If you have ever stayed in an older log cabin, especially one out in a remote location, you probably noticed a few cracks in the wood. When you build a log home or cabin a few cracks will appear in the wood over the first few years. We are often asked if these cracks are a concern and this article will answer that question.

When a tree is living and growing it contains a lot of water. Once it’s cut down it starts to dry out and lose moisture. The drying process of timber plays a very important role in determining if the wood will be good for building or not.

As the timber begins to dry, the log shrinks and as a result of this shrinking it may crack, also known as “checking”. This is a common occurrence in log homes and cabins and not all checks are of concern other than cosmetic. Even checks that run the length of the log and are located on the outside of the log home as well will likely not create a structural problem. As long as water is not coming through the logs, the cracks are of little concern.

Moisture in the logs can lead to mold, rot and other major structural damage that can be costly to repair; so, if you do notice cracks you should keep an eye on them. And, when you do your annual maintenance, make sure there are no signs of damage.

Full scribe log homes face the greatest risk of checks due to the amount of shrinkage that takes place in these structures. As most of the home is constructed of logs, they will shrink as the home begins to settle over the first few years. It’s common to see cracks begin to appear over time; but, if a full scribe home has not been built in a way that allows for this shrinking and adjustment of the logs, cracks can start to occur and become a structural problem as the weight of the house starts to shift.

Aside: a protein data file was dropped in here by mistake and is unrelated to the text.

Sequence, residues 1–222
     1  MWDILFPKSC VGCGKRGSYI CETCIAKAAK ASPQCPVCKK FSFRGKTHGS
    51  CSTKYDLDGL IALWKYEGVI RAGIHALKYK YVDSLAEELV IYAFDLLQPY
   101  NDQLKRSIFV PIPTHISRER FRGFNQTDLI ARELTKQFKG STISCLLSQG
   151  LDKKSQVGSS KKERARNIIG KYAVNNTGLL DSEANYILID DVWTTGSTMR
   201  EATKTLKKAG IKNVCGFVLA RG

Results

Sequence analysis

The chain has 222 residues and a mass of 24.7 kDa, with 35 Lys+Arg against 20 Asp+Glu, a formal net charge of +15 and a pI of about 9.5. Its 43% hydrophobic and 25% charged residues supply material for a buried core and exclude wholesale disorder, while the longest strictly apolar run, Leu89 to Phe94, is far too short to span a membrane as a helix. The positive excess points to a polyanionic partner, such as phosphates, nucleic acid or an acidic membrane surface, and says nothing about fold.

A log home is built to withstand anything that Mother Nature can throw at it. If your home is built correctly, a few checks here and there will only add to the uniqueness and personality of your home. If you ever do find cracks or gaps within your logs that you are concerned about, contact a local building company and send them pictures of the problem area or have an inspector come out to the property. It is better to get a professional opinion and find out that there is nothing to worry about than to ignore it and find yourself with a serious problem in the future.

Do you have a question about log homes? Contact us, we would be happy to answer it and may even feature you question in an upcoming article.